The "Minnesota" reduced-intensity conditioning (RIC) cord blood transplantation (CBT) regimen (standard RIC) of fludarabine (Flu) (200 mg/m2), cyclophosphamide (Cy) (50 mg/kg), and 200- or 300-cGy total body irradiation (TBI) is the most published RIC CBT regimen. Though well tolerated, high relapse rates remain a concern with this regimen. Intensification of conditioning may reduce relapse without increasing transplant-related mortality (TRM). We performed a retrospective cohort comparison of outcomes in adult patients who underwent first double-unit CBT with standard RIC as compared with the intensified regimen of Flu 150 mg/m2, Cy 50 mg/kg, thiotepa 10 mg/kg, and 400-cGy TBI (intensified RIC). Of the 99 patients studied, 47 received intensified RIC. Acute myelogenous leukemia was the major indication for transplant. The median age at transplant was 67 years (range, 24 to 74 years) and 54 years (range, 25 to 67 years) in standard RIC and intensified RIC, respectively. Median hematopoietic stem cell transplantation comorbidity index was 3 (range, 0 to 5) and 1 (range, 0 to 6) in the standard RIC and intensified RIC groups, respectively. Median follow-up among survivors was 22 months (range, 3.7 to 79 months) following standard RIC and 15 months (range, 2.8 to 36 months) following intensified RIC. The cumulative incidence (CI) of relapse was significantly lower following intensified RIC compared with standard RIC (P = .0013); this finding maintained significance in multivariate analysis (P = .045). TRM was comparable between the 2 groups (P = .99). Overall survival (OS) was significantly improved following intensified RIC as compared with standard RIC (P = .03). Median OS was 17 months following standard RIC versus not reached followed intensified RIC. The CI of grade II to IV acute graft-versus-host disease (GVHD) was significantly higher in the intensified RIC cohort than the standard RIC-cohort (P = .007), while CI of grade III to IV acute GVHD, any chronic GVHD, and moderate-to-severe chronic GVHD was comparable in each cohort (P = .20, P = .21, and P = .61, respectively). This retrospective analysis shows an improvement in OS and decreased relapse without increase in TRM in patients receiving intensified RIC as compared with standard RIC. Our data suggest that consideration of thiotepa-based intensified RIC may improve outcomes in fit, older patients undergoing double-unit CBT.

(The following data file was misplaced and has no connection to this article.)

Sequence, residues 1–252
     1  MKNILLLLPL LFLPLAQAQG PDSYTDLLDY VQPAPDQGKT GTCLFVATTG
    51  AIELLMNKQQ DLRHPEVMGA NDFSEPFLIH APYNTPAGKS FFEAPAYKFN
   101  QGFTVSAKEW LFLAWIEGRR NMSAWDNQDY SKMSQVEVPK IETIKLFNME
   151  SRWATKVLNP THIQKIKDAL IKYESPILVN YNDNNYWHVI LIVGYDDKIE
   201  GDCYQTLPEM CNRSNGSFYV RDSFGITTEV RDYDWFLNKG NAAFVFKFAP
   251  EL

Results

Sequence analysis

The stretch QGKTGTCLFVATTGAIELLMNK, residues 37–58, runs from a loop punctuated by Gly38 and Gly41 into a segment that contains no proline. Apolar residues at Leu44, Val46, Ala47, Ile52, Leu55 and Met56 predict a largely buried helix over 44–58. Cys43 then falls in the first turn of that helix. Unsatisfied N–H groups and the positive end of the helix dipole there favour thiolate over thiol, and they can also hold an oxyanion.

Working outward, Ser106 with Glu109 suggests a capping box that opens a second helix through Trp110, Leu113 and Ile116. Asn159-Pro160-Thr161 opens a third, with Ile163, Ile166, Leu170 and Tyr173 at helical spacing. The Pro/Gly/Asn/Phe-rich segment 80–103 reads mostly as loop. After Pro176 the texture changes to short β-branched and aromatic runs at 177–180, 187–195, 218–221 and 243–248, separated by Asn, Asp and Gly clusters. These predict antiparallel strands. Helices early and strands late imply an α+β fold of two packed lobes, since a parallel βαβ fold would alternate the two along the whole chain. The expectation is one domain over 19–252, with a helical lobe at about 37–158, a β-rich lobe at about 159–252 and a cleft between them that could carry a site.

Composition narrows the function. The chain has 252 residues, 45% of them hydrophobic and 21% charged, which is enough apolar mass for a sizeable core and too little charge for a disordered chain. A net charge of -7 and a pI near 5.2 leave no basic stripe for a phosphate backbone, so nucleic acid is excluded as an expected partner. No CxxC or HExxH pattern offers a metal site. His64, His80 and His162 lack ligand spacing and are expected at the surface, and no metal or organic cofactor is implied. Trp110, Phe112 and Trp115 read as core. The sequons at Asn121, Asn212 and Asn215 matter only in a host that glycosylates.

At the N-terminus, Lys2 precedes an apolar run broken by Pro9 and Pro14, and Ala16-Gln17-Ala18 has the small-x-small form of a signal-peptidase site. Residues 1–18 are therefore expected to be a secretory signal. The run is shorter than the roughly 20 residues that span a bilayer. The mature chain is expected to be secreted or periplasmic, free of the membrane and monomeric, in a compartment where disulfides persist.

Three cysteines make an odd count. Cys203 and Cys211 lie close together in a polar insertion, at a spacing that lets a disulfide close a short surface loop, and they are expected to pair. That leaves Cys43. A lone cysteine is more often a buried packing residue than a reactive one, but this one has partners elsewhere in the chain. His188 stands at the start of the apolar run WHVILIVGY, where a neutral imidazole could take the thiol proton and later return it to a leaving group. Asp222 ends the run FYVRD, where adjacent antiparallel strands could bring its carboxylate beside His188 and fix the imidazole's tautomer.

Keywords: Cord blood transplantation; Intensified RIC; Reduced intensity conditioning; Thiotepa.
Copyright © 2018 The American Society for Blood and Marrow Transplantation. Published by Elsevier Inc. All rights reserved.